5 French Films You Need To See

French cinema has a decades-old reputation for being some of the most sophisticated, elegant and groundbreaking of filmmaking from all over the world, and that reputation is not at all close to being tarnished in 2016. The last decade alone has seen many French films win the Cannes Film Festival's prestigious Palme d?Or, not to mention 2011 film The Artist scooping up the Best Picture Academy Award. And on the back of the recent Cannes Film Festival 2016 line up announced, we've chosen five incredible examples of French film that will stay with you long after viewing (two of which scooped the Palme d'Or) and make you want to relocate to the City of Lights forevermore. If you have yet to venture into French cinema, start with these, and you'll never look back.

The Diving Bell And The Butterfly


Julian Schnabel's profound and sublimely affecting biopic of Jean-Dominique Bauby is a must-watch. Mathieu Amalric plays the title role of the former Elle magazine editor who was struck down by locked-in syndrome; paralysed from the neck down and only able to communicate with blinks from his left eye. This film is based on the remarkable book of the same name, which Bauby wrote soon after the tragic event happened, painstakingly dictating it a letter at a time using nothing but blinks. The director seamlessly weaves us through the events from Bauby's perspective with striking visuals, an incredible score and acting of the highest caliber throughout the movie. The film received four Academy Award nominations, and we guarantee you won't get through it without shedding quite a few tears.



Amour is director Michael Haneke's impeccable study of the decline of an elderly woman, Anne (played by Emmanuelle Riva), and the desperate efforts of her husband, Georges (played by Jean-Louis Trintignant) to keep things together as her condition worsens. This is far from what you would term ?feel-good cinema? but is a deeply moving insight into the complexities of a loving relationship transcending through time. This is a slow-mover but the film is held together by the suburb leading performances of its two actors. The final scene is utterly heart wrenching and will stay with you for hours after. It deservedly won the Palm d?Or and received five Academy Award nominations.

Blue Is The Warmest Colour

This was the 2013 French film that had everyone talking. The three-hour drama centers around a journey of love and self-discovery embarked on by teenager Adele as she undergoes an intense and passionate relationship with older, blue-haired Emma. Adele Exarchopoulos and Lea Seydoux light up the screen and though the movie's graphic sex scenes (and graphic they are) had everyone talking, the film's underlying messages about love in all its complex forms is near perfect. Director Abdellatif Kechiche's collaboration with both actresses was deemed so significant that for the first time ever, all three were co-awarded the Palm d?Or.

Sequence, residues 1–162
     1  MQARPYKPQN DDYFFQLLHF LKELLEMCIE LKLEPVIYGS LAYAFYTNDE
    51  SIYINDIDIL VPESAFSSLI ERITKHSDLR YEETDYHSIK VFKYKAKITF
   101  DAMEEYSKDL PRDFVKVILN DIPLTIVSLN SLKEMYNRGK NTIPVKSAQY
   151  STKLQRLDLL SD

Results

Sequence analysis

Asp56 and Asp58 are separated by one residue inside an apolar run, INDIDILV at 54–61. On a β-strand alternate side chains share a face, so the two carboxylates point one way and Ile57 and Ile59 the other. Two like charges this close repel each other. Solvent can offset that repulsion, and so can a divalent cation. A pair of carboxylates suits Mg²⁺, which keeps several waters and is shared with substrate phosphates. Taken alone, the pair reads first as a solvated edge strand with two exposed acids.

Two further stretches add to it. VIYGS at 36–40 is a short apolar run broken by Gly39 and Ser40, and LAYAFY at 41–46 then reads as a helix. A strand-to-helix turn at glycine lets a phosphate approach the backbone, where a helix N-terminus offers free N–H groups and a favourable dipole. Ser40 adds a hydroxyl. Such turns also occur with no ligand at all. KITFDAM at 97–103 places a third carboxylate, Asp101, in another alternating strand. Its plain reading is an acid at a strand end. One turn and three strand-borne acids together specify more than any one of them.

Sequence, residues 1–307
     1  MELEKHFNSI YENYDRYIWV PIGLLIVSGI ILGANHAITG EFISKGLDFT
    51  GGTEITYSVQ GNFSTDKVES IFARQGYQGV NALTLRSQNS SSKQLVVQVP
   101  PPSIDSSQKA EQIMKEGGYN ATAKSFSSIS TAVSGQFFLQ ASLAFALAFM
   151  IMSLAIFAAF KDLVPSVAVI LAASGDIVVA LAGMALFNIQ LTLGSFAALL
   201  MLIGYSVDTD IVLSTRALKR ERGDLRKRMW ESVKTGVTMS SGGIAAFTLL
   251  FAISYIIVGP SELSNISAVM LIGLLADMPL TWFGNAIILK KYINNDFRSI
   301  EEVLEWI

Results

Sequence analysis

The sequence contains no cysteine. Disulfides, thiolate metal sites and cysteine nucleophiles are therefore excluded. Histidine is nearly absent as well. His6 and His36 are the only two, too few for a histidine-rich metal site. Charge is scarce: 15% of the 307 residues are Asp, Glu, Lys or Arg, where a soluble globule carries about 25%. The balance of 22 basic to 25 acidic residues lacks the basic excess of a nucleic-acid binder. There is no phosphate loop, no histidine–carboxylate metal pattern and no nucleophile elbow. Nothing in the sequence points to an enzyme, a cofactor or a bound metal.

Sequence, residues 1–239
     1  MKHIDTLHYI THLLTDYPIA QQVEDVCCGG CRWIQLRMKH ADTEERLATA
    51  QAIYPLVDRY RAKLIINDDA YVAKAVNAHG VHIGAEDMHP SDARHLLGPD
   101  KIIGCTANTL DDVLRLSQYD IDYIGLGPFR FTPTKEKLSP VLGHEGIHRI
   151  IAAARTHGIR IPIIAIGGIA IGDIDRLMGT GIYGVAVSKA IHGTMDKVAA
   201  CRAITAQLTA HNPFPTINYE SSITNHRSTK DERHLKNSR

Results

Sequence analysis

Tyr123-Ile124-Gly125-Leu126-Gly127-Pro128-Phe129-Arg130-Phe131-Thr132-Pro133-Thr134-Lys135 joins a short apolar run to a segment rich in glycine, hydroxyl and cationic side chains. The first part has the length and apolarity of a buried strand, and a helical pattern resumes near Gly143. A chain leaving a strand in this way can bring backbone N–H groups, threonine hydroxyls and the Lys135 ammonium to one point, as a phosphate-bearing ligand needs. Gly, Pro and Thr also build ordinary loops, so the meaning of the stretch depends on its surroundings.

I've Loved You So Long



Kristin Scott Thomas gives a career-defining performance in this moving, devastating mystery drama about a woman who is released back into society after spending 15 years in prison. The how and why is slowly revealed over the course of the film, and Thomas is utterly perfect in the lead role. We won't spoil anything; you simply have to watch it. To this day, it remains beggars belief as to why Thomas was not given an Oscar for what is her finest performance.

Rust And Bone


This is an underrated, remarkable and raw film centering on the affliction of Stephanie, played superbly by Marion Cotillard. We won't share the details of this affliction here, but things escalate as she begins to fall in love with the moody Ali, played by Matthias Schoenaerts as the two form an unlikely bond in the most trying of circumstances. The film is unflinching, moving and tender at the unlikeliest of times. It's another must-see.


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